Digital Manners: Talking on the phone in the bathroom (transcript).

Digital Manners: Is It OK To Talk on the Phone While Using the Bathroom? (Transcript)

Digital Manners: Is It OK To Talk on the Phone While Using the Bathroom? (Transcript)

Navigating the intersection of etiquette and technology.
Nov. 29 2011 12:54 PM

Call Me Back When You’re Out of the Bathroom (Transcript)

 Is it rude to conduct your business while “conducting your business”?

(Continued from Page 1)

Farhad:  It doesn’t come up often, but it comes up sometimes. I work at home alone. No one is seeing me. If I need to use the bathroom while I’m on the phone, I think that’s fine. I don’t have a problem with it. But I couldn’t tell if this guy’s wife was talking to him while in the bathroom or if he’s noticing her talk to other people. Either way, I think it’s bad. You should do it when nobody knows.

Emily:  Well, that’s a good question. Yes, the letter is ambiguous. I guess I had read it that she does it to him and when he said she does it all the time, I kind of wondered if she was holding it until she had to communicate with him. Then she ran to the bathroom just so she could give him some toilet sounds, which may be a commentary on their marriage.

I’ve been in public bathrooms and I’m in the stall and suddenly the person next to me seems to be talking to me. “How are you?”


“I’m fine, thanks. How are you?”

Then you realize the person is talking to someone else and it seems crazy because the person on the other end, even if you’re trying to be quiet, there’s going to be a lot of flushing and hand-washing all around you.

Farhad:  Emily, I can’t believe you’ve never done this.

Emily:  I’m reading “War and Peace.” No. I don’t even talk to people. When I’m in the bathroom, I don’t talk to anyone. My pets sometimes follow me in there, but that’s not a Digital Manners question.

So you’re saying, clearly it’s an acknowledgment you do it. Do you do it to your wife?

Farhad:  I don’t think I should be any more specific than just acknowledging it has happened. I’m not ashamed of it. I think it’s fine to do as long as my guideline is don’t let anybody know.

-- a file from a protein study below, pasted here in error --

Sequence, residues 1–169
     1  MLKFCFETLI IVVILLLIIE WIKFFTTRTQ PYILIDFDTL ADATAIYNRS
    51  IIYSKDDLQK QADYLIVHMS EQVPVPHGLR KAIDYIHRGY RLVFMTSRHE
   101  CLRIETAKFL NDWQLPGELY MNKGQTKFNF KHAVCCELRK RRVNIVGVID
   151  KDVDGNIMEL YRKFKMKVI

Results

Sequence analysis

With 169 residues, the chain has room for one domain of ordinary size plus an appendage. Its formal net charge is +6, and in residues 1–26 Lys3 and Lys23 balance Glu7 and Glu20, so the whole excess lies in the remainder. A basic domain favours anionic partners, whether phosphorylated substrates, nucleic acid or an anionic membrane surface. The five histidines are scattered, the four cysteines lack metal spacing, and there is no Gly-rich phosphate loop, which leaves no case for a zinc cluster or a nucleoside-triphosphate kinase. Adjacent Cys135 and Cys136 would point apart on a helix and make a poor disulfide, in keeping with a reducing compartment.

Emily: You have such perfect bodily control.  What are you supposed to say? “Oh, my God, I just stepped on a frog”? Forget it. These conversations are not that important. Separate things in your life.

Farhad:  You should hold it out as a possibility that anybody you’re talking to is doing something that you don’t like. But don’t let on.

Emily:  So what should this guy do? I think if his wife is doing this to him and he doesn’t like it, you hope you have a good enough marriage to say, “Honey, I’d really appreciate it. The flushing sounds send me over the edge. Just hold it until we’re done with our conversation.”

Now, if she’s doing this to other people, I also think it’s fair to say, “I think people are going to take it the wrong way if you do that. But beyond that, he can’t control her.” What do you think?

Farhad: If he’s the guy on the other end…

Emily:  Ha, ha!

Farhad:  He should tell her that he doesn’t like it and hopefully she will stop. And I agree with you on the other score too. If she’s talking to other people and doing this, he should let her know that it might not be the best way to maintain a friendship.

Emily:  I also think if you’re hearing this it really depends on your relationship with the person. Either your friend is eating or in the bathroom and it’s a good friend, you can say, “You know what? These sounds are driving me nuts. Let’s talk later.”

If it’s in a professional thing, this comes under the category of, “I’m not hearing what I’m hearing,” and I don’t think you can say to a client, “Gee, get off the pot before you talk to me.”

Farhad:  I think it’s fine to do something else while you’re talking to someone on the phone, whatever that may be. Just be quiet about it.

Emily:  I think talk and get off the pot. Please! We’re not all so busy that we can’t take a few minutes just to do our own business without pulling other people into it.

Farhad: Send us your questions about shifting etiquette in the online age. Our address is

Emily:  You can also join our Facebook page where we carry on the conversation throughout the week.  Go to

Farhad:  And we’ll talk to you next time on Manners for the Digital Age.